1 John Jensen (Denmark/Euro 1992)
After watching Jensen score for Denmark in the final of Euro 1992 Arsenal fans probably thought they were on to a winner.
The Dane moved to North London from Brondby to play under George Graham but one goal in 99 games later and he was on his way back to Denmark.
It then came out that Jensen’s move was in part motivated by Graham’s relationship with agent Rune Hauge which resulted in the Scot being sacked and banned from football for 12 months.
2 Florin Raducioiu (Romania/Euro 1996)
Despite losing every game at Euro 96 Harry Redknapp clearly saw something in Romania’s Raducioiu, bringing him to West Ham from Espanyol.
But the striker earned ‘Arry’s wrath after going shopping with his wife at Harvey Nichols instead of playing against Stockport.
To be fair, can you really blame him?
3 Zlatko Zahovic (Slovenia/Euro 2000)
Cast your mind back to Euro 2000 and Slovenia’s side that drew to Yugoslavia and Norway, and only lost to Spain by a solitary goal.
The leader of the side was majestic playmaker Zahovic, whose performances earned him a move to Valencia.
But his time in La Liga only lasted one season after clashing with manager Hector Cuper and the Valencia supporters, to the point he wasn’t allowed to play for his own safety.
4 Savo Milosevic (Yugoslavia/Euro 2000)
Milosevic was Euro 2000’s joint-top scorer, along with Patrick Kluivert, after notching five goals for Yugoslavia.
He moved from Zaragoza to Parma for €25million to replace the recently departed Hernan Crespo.
But he was a massive failure, spending three loan spells away from Serie A before joining Osasuna on a permanent deal four years later on a free transfer.
5 Kleberson (Brazil/World Cup 2002)
Big Phil Scolari described Kleberson as the driving force behind Brazil’s 2002 World Cup winning side containing Ronaldo, Rivaldo and Ronaldinho.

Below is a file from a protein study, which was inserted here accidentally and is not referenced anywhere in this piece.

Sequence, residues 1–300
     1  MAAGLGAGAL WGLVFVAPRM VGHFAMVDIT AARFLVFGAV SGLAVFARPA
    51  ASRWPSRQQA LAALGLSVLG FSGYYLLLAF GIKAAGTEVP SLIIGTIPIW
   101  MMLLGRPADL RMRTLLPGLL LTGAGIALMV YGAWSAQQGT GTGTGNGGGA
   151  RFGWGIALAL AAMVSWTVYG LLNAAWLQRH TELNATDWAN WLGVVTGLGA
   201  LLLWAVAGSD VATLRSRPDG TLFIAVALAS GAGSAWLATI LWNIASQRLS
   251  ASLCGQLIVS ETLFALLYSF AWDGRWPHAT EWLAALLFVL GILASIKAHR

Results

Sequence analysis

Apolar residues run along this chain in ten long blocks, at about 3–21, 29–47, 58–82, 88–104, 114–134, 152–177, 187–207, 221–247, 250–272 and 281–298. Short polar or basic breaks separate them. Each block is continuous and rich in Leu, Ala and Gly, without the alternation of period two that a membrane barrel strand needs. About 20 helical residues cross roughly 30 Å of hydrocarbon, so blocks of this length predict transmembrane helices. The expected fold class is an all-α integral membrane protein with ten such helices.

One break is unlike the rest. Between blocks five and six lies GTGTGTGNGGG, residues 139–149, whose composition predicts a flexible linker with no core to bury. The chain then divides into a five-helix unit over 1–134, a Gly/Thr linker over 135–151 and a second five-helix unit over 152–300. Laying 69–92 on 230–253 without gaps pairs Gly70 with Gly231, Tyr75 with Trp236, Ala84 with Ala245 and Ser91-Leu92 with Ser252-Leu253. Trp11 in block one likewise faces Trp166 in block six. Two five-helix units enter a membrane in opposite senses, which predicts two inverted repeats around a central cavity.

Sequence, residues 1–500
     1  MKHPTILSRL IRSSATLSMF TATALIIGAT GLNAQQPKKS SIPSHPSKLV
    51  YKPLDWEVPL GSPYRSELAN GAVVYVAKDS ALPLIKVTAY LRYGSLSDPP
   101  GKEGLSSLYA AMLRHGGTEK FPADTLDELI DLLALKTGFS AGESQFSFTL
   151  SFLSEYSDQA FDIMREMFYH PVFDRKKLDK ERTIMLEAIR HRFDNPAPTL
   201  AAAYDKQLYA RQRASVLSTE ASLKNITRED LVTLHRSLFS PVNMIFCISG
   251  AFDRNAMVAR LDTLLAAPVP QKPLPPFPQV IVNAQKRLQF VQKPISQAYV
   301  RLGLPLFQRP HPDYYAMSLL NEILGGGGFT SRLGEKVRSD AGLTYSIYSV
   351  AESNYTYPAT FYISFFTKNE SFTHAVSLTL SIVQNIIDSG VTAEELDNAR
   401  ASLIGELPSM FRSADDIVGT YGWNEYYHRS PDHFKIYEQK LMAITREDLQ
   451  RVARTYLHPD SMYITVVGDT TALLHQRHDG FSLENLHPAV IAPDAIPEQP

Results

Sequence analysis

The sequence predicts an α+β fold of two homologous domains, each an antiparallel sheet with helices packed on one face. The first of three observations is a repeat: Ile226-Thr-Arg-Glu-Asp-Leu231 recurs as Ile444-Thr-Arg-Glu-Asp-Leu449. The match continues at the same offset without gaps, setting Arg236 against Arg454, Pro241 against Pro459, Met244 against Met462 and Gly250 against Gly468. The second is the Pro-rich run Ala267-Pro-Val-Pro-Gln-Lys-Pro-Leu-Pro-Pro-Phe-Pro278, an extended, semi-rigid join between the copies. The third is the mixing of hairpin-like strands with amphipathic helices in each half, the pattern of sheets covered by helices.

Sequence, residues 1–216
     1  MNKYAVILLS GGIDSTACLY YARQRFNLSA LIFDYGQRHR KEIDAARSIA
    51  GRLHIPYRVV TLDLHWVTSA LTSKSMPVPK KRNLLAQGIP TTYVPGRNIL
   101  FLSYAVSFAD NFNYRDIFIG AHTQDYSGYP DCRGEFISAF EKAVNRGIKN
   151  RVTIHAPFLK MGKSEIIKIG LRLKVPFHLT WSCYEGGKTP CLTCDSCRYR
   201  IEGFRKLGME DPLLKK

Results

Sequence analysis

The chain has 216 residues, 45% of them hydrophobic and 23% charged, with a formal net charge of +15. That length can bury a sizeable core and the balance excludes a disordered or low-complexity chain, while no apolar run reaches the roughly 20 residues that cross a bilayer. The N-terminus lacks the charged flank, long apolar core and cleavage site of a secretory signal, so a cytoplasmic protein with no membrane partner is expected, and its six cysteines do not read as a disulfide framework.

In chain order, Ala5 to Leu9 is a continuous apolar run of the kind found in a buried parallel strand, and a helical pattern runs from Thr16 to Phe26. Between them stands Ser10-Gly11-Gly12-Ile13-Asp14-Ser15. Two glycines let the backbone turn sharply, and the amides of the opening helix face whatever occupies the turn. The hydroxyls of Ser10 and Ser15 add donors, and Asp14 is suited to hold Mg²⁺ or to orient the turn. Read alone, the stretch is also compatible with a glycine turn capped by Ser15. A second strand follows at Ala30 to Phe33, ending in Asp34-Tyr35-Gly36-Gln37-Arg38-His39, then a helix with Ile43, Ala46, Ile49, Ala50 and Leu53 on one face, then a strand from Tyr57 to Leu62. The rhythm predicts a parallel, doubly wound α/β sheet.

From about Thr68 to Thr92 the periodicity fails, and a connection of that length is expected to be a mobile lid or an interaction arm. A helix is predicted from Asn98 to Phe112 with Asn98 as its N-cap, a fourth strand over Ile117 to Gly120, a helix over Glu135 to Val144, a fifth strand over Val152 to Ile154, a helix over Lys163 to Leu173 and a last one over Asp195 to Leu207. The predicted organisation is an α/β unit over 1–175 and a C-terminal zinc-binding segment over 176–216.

That was enough for Man United to sign him for what appeared to be a bargain price of £6.5million.
But injury scuppered any chance of the Brazilian settling in and, after 20 appearances in two seasons, he was soon off to Besiktas, along with fellow Brazilian Ailton.
6 El Hadji Diouf (Senegal/World Cup 2002)
For Diouf you could read pretty much any member of Senegal’s 2002 World Cup squad.
Diouf was named in the All-star team after being the driving force behind Senegal’s quarter-final run, moving to Liverpool from Lens after the tournament finished.
We’ll leave Jamie Carragher to sum up the forward’s time at Anfield.
7 Theodoros Zagorakis (Greece/Euro 2004)
Zagorakis was named Player of the Tournament at Euro 2004 as Greece surprised everyone to beat Portugal’s golden generation in the final.
He moved to Bologna off the back of the tournament, where the club’s owner described him as ‘our Greek Baggio’.
But Bologna were relegated with Zagorakis failing to register a league goal. He swiftly returned to Greece to be greeted with a hero’s welcome.
8 Thomas Helveg (Denmark/Euro 2004)
After playing every game of Denmark’s Euro 2004 campaign Helveg moved to newly promoted Norwich from the mighty Inter.
But his only season of Premier League football was a mixture of poor form and injuries, and Norwich succumbed to relegation back down to the Championship.
9 Cristian Riveros (Paraguay/World Cup 2010)
Swapping Mexico City for the North East would be a culture shock for most people.
So it’s hardly surprising Riveros failed to settle after moving to Sunderland off the back of an impressive 2010 World Cup campaign.
His most memorable moment was… well, yeah…
10 DeAndre Yedlin (USA/World Cup 2014)
Yedlin burst onto the scene as one of the quickest players at the 2014 World Cup.
The American defender moved from Seattle to Spurs where he was expected to provide competition for Kyle Walker.
Now he’s at Newcastle, and Mauricio Pochettino prefers Kieran Trippier, which tells you all you need to know.
11 Marcos Rojo (Argentina/World Cup 2014)
Come on then, who was impressed when Rojo pulled out a rabona in his own penalty box at the World Cup?
We certainly were, as were Man United, who snapped him up from Sporting.
But he hasn’t particularly impressed, to the point that former boss Louis van Gaal started playing 16-year-olds in his place.